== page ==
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 Do You Want To Be In a Pool?

May 26, 2013

 Do You Want To Be In a Pool?
 by: Edmund Lao
 (this appeared in the TGFI newsletter Volume 1, No. 11 Issued on May 26, 2013)

Every day, people from all walks of life go to work and travel by way of MRTs, PUVs, PNR and private vehicles. In one way or another, one may arrive at his destination faster than the other, depending on the driver and the road traffic situation. In most cases, taking the rail system will get one to to arrive at the earliest time. The only problem is that during rush hours, the coaches are all full-packed. Having traveled to Hong Kong and Singapore, it is evident that our MRT system is not as efficient compared to them. In these two countries, their transportation system is so efficient to the point that owning a private vehicle is no longer a necessity. It can be safely said that pooled transportation works well with them. This mode of travel has become their way of life. If in pooled transportation, one can cut down his travel time, then in the world of investing, one can also do the same in order to increase the velocity of his money’s growth. If there is a pool in travelling, there is also a pool in investing. It is known as pooled funds. Examples of pooled funds are “Paluwagan”, Mutual funds (MF), and Unit Investment Trust Funds (UITF, not UTIF as mistakenly called by others). MF and UITF are similar in all aspects except for :
1. They have different governing body.
2. In MF, one is a shareholder and in UITF, one is a participant in the fund, One has a voting right as a shareholder in a MF, while none in a UITF.
In simple terms, a mutual fund is actually a corporation that pools the fund from different investors, and has a fund manager who takes charge of the investing strategy. Since this is an investment instrument, there are risks that are involved as well as reward that come with it. The yield is not guaranteed and this is not insured by the PDIC. Historically. Over the long term, our mutual fund industry has performed well for the past years. It beat not only the bank interest rate but also the inflation. The benefits of investing in mutual funds are: the potential for a higher return, affordability and ease of investing, diversification and professional fund management. Comparison of Mutual Fund to a PUV Investing in mutual fund is just like taking a bus ride. Let us see why. Majority of the people do not or can not own a car. In order for them to travel, they take a public vehicle. By taking this mode, the passengers are all leveraging on the driver’s skill to take them to their individual destinations. Along the way, there are possibly risks involved such as road mishap or theft. The passengers have no control over the habit , choice and decision of the driver. As compared to driving to work, one has control over his choice of route. Investing in mutual funds is the same. All investors leverage on the skill of the fund manager rather than do their own investing since they do not have the time and skill to do so. Investing in mutual funds is a perfect example of using other people’s money and effort. The drawback is that we do not have control over the funds as we let the fund manager take control of investing. The only risk is if he makes the wrong decision. On the other hand, the reward is good if he makes sound decision. It must be noted that fund managers, not the investors, have access to companies’ confidential information before they invest our money. The risk of making a wrong decision is minimal as the fund manager’s job is to take us to our financial destination which is to grow our hard-earned money. Isn’t that similar to the bus or MRT driver whose job is to bring us to our destination? Mutual Fund as a Business Yours truly has started investing in mutual funds in 2004 to test the waters. It was in 2008 when a mighty challenge arose.. Remember the Global Financial Crisis? All the mutual funds in my portfolio, specially those in the higher risk, dwindled to half the original value. Faced with the prospect of losing a lot, I decided to let my logic overpower my emotion. I pretended that I do not have such investments. Fast forward to the present, my funds are now thrice the original value. Had I caught the right timing, the increase would have been six fold. It is worth mentioning that our very own Alfonso Gonzales stayed invested since he got his 300K winnings in the Battle of the Brains contest. His investment is now at least ten fold. What a good business! Having a business is an investment and having an investment (such as mutual fund) is a business. Let us study why.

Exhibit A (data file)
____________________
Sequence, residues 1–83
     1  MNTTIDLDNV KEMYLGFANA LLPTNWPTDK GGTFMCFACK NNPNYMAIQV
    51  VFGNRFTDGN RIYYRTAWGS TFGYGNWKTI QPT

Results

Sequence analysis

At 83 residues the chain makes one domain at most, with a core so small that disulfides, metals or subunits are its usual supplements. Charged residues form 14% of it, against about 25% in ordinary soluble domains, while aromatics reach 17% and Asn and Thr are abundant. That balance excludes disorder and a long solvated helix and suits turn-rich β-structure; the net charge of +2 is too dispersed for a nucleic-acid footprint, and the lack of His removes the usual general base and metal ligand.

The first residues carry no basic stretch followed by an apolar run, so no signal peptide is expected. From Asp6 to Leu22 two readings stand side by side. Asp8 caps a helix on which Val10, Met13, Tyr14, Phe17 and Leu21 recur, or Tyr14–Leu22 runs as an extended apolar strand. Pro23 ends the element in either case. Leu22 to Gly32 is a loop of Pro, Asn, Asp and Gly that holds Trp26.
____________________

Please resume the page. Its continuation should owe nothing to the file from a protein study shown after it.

In putting up a business, one needs capital and work force to be able to make the business earn profit. The businessman plows back his profit into the business to grow the money through compounding. In mutual fund investing, an investor needs capital and work force too. In this case, our employee is the fund manager whose job is to grow our money through compounding. In both scenarios, the businessman has to pay his employees. We as investors pay the fund manager through the fees deducted from the funds’ profits. The only difference is that the businessman has operational expense and stress (due to unions, BIR, employee retention, pilferage, etc), while we as investors just simply do and enjoy our routine and earn good return. The question is: Do you want to be in a pool?

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